2000 Honda Odyssey Transmission

frankmorefrankmore Member Posts: 1
edited January 2017 in Honda
The transmission has just started slipping when it is cold . When it warms up it runs great how do i fix or what could be done

Comments

  • Mr_ShiftrightMr_Shiftright Sonoma, CaliforniaMember Posts: 64,482
    You might try doing a transmission service. Transmissions can get cranky as they age, especially when they are not warmed up. Some say this might be to hardening of various internal seals, which creates a kind of "internal bleeding", and thus a drop in hydraulic pressure. Anything that might clean the system or refresh the seals a bit could possibly help. It's just a guess. There's no cure in a can for actual internal wear, and 16 years is a long time for a transmission to operate trouble free.

  • isellhondasisellhondas Issaquah WashingtonMember Posts: 20,338
    Just don't let anyone talk you into "flushing" it! Simply drain and refill and be aware that some of those vintage had a nasty way of failing around the 140,000 mile range. It's worth trying a service first.
  • thecardoc3thecardoc3 Member Posts: 5,535
    A drain and refill will replace about 40-50% of the fluid that the system holds. The flush routine takes that up to the 90-95% range. The report of slipping under any conditions needs to be addressed ASAP because slippage means wear is occurring. If you can reduce or eliminate the slipping you can extend the life of the transmission. Servicing the fluid will not undo any wear that has already occurred, but it will get debris out of the transmission that is now circulating with the fluid.
  • isellhondasisellhondas Issaquah WashingtonMember Posts: 20,338
    Honda and others recommend against "flushing" because it reverse forces fluid and dirt back through the transmission often causing more damage.
  • thecardoc3thecardoc3 Member Posts: 5,535

    Honda and others recommend against "flushing" because it reverse forces fluid and dirt back through the transmission often causing more damage.

    Hmmm...


  • isellhondasisellhondas Issaquah WashingtonMember Posts: 20,338
    Interesting video and the car happened to be a 20 year old Honda.

    I suppose if you are the manufacturer and you have seen bad things happen as the results of flushing you would recommend against doing this but if you had a Quick Lube or you had bought a machine for your shop then flushing would be a "good thing'?

    Of course, those seals needed to be "conditioned" with the additive at the end?

    I'm not saying there couldn't be any benefits to flushing but I have mine drained and filled every 30,000 miles and I've never had a problem.
  • thecardoc3thecardoc3 Member Posts: 5,535
    edited January 2017
    I'm not a fan of a lot of the gimmicks out there, but IMO a lot of the negative statements are themselves just another kind of a gimmick just like the additive pushers. As you saw, that transmission flush machine (and its that way with most of them) don't use any additional pressure or reverse the direction of flow. The transmission pump itself provides the pressure to perform the service. That's not to say that there could never be an unintended consequence from using them but lets leave that discussion for another day.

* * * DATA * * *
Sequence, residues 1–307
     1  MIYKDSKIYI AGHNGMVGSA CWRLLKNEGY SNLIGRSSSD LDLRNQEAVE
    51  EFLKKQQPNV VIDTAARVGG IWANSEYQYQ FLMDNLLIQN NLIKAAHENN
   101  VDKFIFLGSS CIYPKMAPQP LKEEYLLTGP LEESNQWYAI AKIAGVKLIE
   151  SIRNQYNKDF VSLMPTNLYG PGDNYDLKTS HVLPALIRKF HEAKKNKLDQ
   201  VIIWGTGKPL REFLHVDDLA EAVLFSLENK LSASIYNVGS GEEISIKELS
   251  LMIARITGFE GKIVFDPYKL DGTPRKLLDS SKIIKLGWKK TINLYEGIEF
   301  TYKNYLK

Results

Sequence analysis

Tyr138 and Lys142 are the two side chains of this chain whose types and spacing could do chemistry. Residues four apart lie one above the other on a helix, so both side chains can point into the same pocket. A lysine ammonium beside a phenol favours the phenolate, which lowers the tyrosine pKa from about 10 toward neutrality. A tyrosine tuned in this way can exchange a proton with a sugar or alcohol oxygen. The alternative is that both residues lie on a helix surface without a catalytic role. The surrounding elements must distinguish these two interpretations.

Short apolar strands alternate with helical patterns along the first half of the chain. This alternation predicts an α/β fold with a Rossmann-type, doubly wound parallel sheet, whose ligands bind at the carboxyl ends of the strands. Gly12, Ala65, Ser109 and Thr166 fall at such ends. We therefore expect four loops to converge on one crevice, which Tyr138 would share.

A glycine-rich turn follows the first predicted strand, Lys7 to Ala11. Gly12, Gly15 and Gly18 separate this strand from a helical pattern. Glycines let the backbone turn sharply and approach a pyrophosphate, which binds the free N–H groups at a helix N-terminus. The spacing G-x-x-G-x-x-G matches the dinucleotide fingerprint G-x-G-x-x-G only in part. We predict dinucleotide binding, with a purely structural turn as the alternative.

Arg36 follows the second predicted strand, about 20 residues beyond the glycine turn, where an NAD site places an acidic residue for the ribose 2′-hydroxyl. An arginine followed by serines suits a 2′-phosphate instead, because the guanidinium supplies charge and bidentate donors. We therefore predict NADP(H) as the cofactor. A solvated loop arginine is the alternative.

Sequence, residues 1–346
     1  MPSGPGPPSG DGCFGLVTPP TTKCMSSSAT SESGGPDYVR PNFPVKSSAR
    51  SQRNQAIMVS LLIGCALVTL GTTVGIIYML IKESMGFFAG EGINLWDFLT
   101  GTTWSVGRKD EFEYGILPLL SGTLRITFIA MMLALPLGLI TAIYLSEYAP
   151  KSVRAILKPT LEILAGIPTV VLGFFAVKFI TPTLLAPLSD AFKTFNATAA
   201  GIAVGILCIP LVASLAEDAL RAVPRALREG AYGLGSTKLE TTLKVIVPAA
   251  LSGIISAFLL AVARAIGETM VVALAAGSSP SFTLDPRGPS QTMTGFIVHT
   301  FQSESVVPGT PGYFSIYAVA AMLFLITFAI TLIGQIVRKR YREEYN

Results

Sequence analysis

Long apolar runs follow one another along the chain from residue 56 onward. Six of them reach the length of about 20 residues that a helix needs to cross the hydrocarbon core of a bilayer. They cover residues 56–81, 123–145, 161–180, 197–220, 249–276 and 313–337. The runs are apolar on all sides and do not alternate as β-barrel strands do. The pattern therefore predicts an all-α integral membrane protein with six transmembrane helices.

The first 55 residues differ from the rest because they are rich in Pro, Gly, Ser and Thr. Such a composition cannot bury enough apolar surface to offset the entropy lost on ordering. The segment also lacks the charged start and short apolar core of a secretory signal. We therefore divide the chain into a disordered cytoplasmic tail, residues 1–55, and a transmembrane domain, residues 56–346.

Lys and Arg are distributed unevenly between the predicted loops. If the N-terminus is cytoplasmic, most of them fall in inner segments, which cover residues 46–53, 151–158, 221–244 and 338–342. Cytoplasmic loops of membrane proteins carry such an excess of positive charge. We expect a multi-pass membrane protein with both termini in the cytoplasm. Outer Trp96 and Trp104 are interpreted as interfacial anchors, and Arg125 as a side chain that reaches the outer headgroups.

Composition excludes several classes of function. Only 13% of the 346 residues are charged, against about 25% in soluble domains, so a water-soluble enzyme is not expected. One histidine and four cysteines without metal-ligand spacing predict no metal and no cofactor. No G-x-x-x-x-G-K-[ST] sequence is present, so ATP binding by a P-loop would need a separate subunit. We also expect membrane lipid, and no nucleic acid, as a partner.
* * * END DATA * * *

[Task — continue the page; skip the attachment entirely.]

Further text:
Here is what I do with my customers and my own cars. When servicing a transmission I do a modified flush without a machine. When possible I drop the pan and replace the filter then after refilling I use the engine to pump the old fluid from the convertor through an open cooler line while maintaining the fluid level by adding through the filler until the new fluid shows up in the cooler line. When there isn't a serviceable filter, then I just start with a drain and fill and then do the cooler line trick. That's a good enough routine to replace 85-90% of the fluid, and if the fluid is never allowed to degrade in the first place easily sufficient. Now with my Escape the flushes were performed at 60K, 125k and then at 180K with drain and fills at 30K, 90K,150K. The flush goes through 13-14 quarts of fluid by the time it runs clean. The drain and fill replaces some 5 of the 11 quarts the transmission holds. FWIW, my Escape just turned 190K and the fluid doesn't even change color anymore and looks like I had just put it in when I changed it at 180K. ( I stopped at 12qt since I realized I wasn't going to see any difference anyway).
  • isellhondasisellhondas Issaquah WashingtonMember Posts: 20,338
    I think your modified flush would be the way I would do it.
  • thecardoc3thecardoc3 Member Posts: 5,535
    There is some history behind how and why I do it like that. I started my career as a Ford mechanic in the 70's and the torque convertors back then had drain plugs in them, so draining the convertor was part of the service. When the drain plugs went away it didn't feel right only doing part of the job so I had to figure out how to complete the job and started pulling a cooler line way back then. BTW I still have my special tools for adjusting the bands.
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